More academic papers are now available for free than in paid-for peer-reviewed journals in many scientific fields, according to a study released last Wednesday by the European Commission’s directorate general for research and innovation.
“This new research suggests that open access is reaching the tipping point, with around 50% of scientific papers published in 2011 now available for free,” the commission said in a statement.
“This is about twice the level estimated in previous studies, explained by a refined methodology and a wider definition of open access.”
The study, carried out by the research evaluation firm Science-Metrix based in the US and Canada, focused on the 28 members of the European Union (EU), as well as non-EU European countries Switzerland, Liechtenstein, Iceland and Norway, and Turkey, Macedonia, Israel, Brazil, Canada and the United States.
According to the European Commission, it looked at the availability of scholarly publications in 22 fields of knowledge in these countries between 2004 and 2011. The results show that more than 40% of scientific peer-reviewed articles published across the globe between 2004 and 2011 are available through open access journals.
“Free availability of a majority of articles has been reached in general science and technology, in biomedical research, biology, and mathematics and statistics,” the study findings said. Open access is more limited in social sciences, humanities and engineering.
“The lowest prevalence of open access availability is in visual and performing arts (13%) and communication and textual studies,” the study concluded.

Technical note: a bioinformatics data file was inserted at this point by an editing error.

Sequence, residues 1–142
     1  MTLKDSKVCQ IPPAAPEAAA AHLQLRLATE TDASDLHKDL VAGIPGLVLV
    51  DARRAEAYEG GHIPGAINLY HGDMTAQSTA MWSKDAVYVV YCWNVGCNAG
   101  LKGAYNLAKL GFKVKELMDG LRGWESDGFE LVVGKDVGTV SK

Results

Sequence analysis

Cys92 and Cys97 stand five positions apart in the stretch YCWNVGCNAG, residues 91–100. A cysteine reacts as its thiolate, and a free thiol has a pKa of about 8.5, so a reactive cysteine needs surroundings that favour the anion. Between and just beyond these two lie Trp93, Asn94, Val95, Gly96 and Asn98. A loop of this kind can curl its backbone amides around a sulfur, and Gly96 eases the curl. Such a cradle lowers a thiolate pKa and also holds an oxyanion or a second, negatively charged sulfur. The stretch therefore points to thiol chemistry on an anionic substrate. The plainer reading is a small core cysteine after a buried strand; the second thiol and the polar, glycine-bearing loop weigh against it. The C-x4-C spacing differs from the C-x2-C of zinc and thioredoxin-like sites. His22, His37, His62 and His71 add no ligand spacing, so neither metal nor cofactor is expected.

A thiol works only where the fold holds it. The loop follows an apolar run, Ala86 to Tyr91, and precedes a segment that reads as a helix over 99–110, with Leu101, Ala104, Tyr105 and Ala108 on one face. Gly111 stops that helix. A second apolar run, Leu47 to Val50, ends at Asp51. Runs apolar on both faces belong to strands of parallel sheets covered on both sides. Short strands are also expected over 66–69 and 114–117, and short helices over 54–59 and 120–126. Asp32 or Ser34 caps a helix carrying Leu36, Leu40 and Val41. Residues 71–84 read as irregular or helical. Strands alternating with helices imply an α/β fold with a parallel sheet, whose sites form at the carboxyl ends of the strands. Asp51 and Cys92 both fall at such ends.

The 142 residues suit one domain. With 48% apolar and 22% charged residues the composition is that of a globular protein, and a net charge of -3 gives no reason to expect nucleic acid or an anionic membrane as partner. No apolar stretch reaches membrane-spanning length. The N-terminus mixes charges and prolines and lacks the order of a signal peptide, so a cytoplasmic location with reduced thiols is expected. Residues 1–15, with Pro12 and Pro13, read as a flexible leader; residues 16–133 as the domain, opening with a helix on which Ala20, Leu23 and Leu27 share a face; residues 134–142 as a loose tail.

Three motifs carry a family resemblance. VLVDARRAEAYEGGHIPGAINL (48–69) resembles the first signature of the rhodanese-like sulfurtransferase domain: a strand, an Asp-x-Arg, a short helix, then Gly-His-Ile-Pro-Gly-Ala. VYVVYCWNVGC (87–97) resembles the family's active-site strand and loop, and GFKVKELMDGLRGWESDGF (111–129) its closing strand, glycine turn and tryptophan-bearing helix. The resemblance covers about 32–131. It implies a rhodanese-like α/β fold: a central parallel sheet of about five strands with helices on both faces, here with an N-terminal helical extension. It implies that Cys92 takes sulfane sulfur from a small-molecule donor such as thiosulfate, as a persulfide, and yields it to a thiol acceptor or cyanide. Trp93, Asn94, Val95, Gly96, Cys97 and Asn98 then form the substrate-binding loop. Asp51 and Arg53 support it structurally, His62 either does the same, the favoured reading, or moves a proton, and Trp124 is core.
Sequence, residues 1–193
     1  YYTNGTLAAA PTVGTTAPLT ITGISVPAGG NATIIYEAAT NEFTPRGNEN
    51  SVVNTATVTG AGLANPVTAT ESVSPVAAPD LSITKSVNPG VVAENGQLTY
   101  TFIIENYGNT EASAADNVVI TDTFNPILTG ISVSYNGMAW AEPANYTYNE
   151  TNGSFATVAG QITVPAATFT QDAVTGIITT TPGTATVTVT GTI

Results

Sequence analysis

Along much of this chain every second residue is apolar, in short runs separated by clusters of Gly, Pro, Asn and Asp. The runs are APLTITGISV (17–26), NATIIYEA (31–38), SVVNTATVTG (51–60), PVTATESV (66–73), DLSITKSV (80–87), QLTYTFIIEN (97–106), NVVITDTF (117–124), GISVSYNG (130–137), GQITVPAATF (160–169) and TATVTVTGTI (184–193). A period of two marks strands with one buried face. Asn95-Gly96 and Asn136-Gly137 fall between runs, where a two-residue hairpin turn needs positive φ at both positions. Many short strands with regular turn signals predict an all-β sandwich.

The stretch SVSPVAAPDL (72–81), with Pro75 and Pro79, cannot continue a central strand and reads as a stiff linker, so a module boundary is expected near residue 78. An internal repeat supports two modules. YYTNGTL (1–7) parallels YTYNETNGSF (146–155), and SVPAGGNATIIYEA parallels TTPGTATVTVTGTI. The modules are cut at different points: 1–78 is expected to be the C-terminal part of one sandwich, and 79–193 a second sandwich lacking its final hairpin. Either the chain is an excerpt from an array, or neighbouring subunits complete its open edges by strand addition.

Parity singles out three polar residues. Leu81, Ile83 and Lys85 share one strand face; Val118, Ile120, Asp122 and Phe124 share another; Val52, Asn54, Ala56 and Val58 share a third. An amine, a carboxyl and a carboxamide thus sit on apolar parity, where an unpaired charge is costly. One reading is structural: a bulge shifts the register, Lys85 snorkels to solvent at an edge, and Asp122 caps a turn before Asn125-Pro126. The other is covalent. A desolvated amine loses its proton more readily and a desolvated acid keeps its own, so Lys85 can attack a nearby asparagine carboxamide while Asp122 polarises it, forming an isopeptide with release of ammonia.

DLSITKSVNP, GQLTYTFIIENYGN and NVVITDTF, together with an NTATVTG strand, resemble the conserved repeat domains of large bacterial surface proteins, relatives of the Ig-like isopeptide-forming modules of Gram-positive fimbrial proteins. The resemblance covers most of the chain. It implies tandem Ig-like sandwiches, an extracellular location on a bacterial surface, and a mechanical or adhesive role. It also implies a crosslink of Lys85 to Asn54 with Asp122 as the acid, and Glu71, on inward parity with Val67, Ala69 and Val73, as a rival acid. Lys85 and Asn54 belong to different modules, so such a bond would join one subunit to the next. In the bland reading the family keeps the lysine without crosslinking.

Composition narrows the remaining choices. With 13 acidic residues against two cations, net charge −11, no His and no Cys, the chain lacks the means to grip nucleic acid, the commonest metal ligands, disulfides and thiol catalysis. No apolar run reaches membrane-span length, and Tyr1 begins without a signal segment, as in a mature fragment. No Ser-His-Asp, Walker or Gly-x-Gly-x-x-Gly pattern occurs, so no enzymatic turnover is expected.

Open access policies
In two related studies, Science-Metrix also looked at the development of open access policies by governments and the prevalence of open access to public data. The researcher concluded that governments had largely not promoted academic paper and data access.
“Most national governments have not proposed or implemented direct legislation on open access,” the report on open access policies stated, noting that such policies are often handled through other means, such as guidelines for research funding agencies.
And copyright laws still restrict the use of open access journals, the report noted: “Related legislation often includes laws on copyright and licensing; in fact, all countries covered in this study – with the exception of Cyprus – have copyright legislation that may apply to peer-reviewed publications.”
Meanwhile, open access to scientific data is not as widely available as for research publications, said Science-Metrix.
As a result, the commission said it would start a pilot programme on open access to data collected during publicly funded scientific research through its 2014-20 research and innovation funding programme, Horizon 2020.
"The European taxpayer should not have to pay twice for publicly funded research,” said EU Research Commissioner Máire Geoghegan-Quinn. “That is why we have made open access to publications the default setting for Horizon 2020.”
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